Namely, their target has been the increase in the national debt, which now stands at $17 trillion. What has run up the debt? It’s been that federal stimulus package the Obama administration pushed forward while the nation’s economy was in free fall.

You remember those days, right? The economy was shedding 700,000 jobs a month; banks were failing; the real estate market was collapsing; the stock market was flushing itself down the toilet.

Barack Obama’s response was a costly one. The Federal Reserve Board reduced interest rates to near zero, making it easier for borrowers to pay back loans, while making it tough on lenders who are in the business of making money on what they loan.

My pals on the right and their Republican pals in Congress keep harping on the difficulties the Obama administration has endured trying to restore the economy.

I keep circling back to this question, which Sen. John McCain in 2008 and former Gov. Mitt Romney in 2012 both ignored as they ran for president against Barack Obama: What would have happened had the feds done nothing, had the government not instituted its stimulus package to shore up an economy that was on the verge of collapse?

I’ll add this follow-up: Why do they dismiss the clear evidence that the economy is in recovery at this moment? Is it back completely? Probably not.

* The job losses have stopped and have been replaced by job gains. Yes, the December job growth was disappointing. But we’ve gained back all the jobs lost during the final years of the Bush administration and the first year of the Obama administration.

* The annual budget deficit, which once topped $1.1 trillion has been cut in half — and is declining. Will we balance the budget by the time Obama leaves office? Probably not but it’s trending in the right direction.

* The jobless rate is at 6.7 percent, down from nearly 10 percent. Has it declined because every unemployed American has found work? No. Many of them have quit looking for jobs but the signs are indicating that opportunities are opening up on the job market.

* The stock market is setting records, which ought to please Wall Street investors — not to mention those of us with retirement accounts that depend on a healthy market.

I’m not naïve. I know there are myriad problems out there. The world is a restive place. Conflicts are erupting all over the planet. The United States is involved actively in a war that it is trying to wind down; we’ve already ended our involvement in another war. We’re killing terrorists almost daily, but the dead ones are being replaced almost immediately by recruits dedicated to waging war against the Great Satan. This war on terror won’t end anytime soon, folks.

Economically, though, I am feeling better about my future than I was, oh, about six years ago.

What’s more, I hate to think how I’d view our future if the government had kept its hands off the economic rudder.

MSNBC’s Martin Bashir had to go

Martin Bashir, the fire-breathing left-wing commentator for MSNBC, has resigned from the network over remarks he made about former Alaska Gov. Sarah Palin.

Good bye and good riddance.


Let me stipulate something now that I’ve made that statement. I happen to agree with most of Bashir’s political philosophy, which he would reveal without apology on his weekday afternoon talk show. What I find objectionable about the man was his occasionally crass commentary about those with whom he disagrees.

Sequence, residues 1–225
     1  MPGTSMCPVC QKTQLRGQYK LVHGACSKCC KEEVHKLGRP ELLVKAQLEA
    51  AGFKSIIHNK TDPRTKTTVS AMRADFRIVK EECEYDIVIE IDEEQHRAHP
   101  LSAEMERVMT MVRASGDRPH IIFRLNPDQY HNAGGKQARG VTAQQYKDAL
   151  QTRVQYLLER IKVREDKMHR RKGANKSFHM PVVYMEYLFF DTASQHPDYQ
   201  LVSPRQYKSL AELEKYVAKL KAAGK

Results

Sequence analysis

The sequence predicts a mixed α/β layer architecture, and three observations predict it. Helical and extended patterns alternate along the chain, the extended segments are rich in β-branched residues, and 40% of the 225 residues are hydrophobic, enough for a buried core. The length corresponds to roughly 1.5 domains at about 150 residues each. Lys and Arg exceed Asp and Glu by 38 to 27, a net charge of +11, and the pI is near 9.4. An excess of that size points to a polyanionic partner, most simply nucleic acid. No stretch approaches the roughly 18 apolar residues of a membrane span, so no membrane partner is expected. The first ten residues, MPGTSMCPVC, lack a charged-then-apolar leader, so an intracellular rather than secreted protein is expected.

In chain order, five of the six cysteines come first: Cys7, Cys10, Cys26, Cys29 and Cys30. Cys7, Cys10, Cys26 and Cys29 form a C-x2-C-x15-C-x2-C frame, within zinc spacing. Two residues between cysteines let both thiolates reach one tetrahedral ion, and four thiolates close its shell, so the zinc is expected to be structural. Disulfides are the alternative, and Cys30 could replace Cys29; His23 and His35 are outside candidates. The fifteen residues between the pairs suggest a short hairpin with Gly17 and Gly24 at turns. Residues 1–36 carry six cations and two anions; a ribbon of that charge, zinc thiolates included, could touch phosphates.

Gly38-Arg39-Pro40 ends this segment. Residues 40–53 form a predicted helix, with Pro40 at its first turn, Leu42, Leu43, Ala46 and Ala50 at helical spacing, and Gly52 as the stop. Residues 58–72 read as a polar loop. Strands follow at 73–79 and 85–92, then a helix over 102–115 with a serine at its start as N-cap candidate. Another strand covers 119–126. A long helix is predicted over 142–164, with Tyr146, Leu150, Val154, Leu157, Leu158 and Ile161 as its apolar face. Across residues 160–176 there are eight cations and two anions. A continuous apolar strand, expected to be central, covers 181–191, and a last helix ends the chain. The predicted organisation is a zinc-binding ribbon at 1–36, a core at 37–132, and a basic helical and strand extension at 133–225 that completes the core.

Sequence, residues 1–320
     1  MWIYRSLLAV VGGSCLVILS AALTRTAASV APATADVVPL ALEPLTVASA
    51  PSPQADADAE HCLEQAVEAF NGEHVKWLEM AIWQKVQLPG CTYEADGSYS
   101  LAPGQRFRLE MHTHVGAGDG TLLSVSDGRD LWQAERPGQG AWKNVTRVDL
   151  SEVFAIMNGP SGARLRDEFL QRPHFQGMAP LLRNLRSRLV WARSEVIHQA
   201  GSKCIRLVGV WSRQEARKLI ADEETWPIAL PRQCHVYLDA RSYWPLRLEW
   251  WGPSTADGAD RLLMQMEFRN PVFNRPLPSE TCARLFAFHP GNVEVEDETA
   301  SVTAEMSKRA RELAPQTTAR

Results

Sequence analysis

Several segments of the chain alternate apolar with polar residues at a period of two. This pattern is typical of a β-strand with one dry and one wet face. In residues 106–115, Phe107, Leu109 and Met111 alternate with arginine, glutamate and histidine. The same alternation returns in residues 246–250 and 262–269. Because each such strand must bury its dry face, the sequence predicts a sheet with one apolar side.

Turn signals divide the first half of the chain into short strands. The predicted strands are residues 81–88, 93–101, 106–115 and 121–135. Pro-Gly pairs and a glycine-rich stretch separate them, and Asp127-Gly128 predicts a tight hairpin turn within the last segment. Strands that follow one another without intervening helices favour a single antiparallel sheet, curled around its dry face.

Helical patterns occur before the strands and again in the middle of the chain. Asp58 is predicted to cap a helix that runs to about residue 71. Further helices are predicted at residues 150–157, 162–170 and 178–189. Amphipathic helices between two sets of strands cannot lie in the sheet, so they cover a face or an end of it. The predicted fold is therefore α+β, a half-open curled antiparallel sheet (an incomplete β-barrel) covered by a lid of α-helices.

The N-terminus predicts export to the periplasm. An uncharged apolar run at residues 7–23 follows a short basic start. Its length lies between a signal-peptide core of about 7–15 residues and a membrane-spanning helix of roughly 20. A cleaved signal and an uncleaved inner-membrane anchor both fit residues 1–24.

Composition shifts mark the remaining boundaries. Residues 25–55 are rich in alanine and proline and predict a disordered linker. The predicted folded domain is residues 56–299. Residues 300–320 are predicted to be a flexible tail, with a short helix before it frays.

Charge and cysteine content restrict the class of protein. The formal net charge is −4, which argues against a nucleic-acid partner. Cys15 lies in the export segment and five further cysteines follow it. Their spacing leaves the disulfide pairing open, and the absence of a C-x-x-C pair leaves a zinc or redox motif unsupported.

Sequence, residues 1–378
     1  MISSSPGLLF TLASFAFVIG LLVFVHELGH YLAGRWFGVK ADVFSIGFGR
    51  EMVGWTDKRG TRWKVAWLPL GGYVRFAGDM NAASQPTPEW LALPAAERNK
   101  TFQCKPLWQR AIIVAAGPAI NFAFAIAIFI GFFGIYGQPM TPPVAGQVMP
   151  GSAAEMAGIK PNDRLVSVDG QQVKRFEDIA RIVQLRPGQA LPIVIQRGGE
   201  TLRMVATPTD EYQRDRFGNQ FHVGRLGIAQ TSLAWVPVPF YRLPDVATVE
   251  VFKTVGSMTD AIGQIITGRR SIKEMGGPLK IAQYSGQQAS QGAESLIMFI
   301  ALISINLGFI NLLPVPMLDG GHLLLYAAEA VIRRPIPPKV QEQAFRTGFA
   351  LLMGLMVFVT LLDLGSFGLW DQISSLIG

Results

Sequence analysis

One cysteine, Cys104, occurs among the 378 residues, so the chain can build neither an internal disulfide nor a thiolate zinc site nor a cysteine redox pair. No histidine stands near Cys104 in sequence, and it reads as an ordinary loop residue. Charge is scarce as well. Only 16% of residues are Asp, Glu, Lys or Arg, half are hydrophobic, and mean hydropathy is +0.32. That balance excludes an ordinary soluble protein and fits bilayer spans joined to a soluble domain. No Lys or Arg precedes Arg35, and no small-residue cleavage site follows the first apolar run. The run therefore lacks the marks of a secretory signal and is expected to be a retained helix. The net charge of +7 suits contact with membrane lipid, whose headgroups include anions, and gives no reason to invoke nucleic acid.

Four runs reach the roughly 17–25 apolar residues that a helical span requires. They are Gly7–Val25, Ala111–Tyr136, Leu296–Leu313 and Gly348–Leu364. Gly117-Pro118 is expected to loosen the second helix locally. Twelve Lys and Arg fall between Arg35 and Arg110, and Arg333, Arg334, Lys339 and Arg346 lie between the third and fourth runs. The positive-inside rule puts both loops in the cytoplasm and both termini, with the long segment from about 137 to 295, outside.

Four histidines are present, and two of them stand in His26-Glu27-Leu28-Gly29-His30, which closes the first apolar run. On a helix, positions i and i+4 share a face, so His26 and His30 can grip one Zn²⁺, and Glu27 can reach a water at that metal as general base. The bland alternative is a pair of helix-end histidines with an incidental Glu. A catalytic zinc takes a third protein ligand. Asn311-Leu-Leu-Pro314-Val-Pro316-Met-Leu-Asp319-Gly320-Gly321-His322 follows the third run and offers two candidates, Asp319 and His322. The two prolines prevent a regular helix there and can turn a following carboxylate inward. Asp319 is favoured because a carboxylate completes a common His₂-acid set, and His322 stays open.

Such as Sarah Palin. In November, Bashir took Palin to task for remarks she had made that equated the national debt to slavery. I, too, thought Palin’s analogy was a bit of a stretch. Bashir took the opportunity, however, to detail on the air some of the torture that slaves actually endured, such as being forced to eat human excrement.

He then suggested Palin should do the same.

Bashir apologized for his remarks shortly afterward. Now, though, he has left the network.

Fine. See you later.

Bashir has been fond of criticizing — correctly, in my view — the over-the-top criticism of President Obama by his critics. He has called for civil discourse among political foes. His call for collegiality among opponents is worthwhile.

However, he destroys any moral high ground on which he could stand by making statements such as those he spewed out about Sarah Palin.

Don’t misunderstand me here: I dislike Palin’s politics intensely. I, too, have been hard on her in the past and will keep speaking out in strong terms in the future when it believe she is wrong — which is just about all the time. Bashir’s disgraceful commentary, though, went far beyond the bounds of decency.

I’m glad he quit.

President takes wing

This speech is about a month old, but I just caught up with it … and am astounded by its ignorance.

U.S. Rep. Howard Coble, R-N.C., went on the floor of the House in mid-July to gripe about all the trips President Obama has taken aboard the jet called Air Force One.


Coble yapped about the cost per each flight and accused the first family of using the Boeing 747 Jumbo Jet as its “personal toy.” He was warned against using improper references to the president by the presiding officer.

If the president of the United States feels a need to fly Air Force One somewhere on behalf of the country he governs, then why is that such a huge deal to a back-bench member of Congress whose name few Americans even recognize? Coble’s complaints center on the cost of using the aircraft during difficult economic times. He says its use runs up the deficit and the debt, which the nation cannot afford.

The aircraft also supplies the president with all the communications he needs while he’s en route to his destination. The way I see it, those amenities are quite necessary for him to do his job. You know, things like telecommunications he can use while speaking with military and domestic policy advisers, phone hookups so he can be briefed on crises as they erupt. These are fairly essential items, don’t you think?

I’m not going to begrudge any president the right to use an airplane that enables him to be on call every minute of every day he occupies the most powerful office on the planet.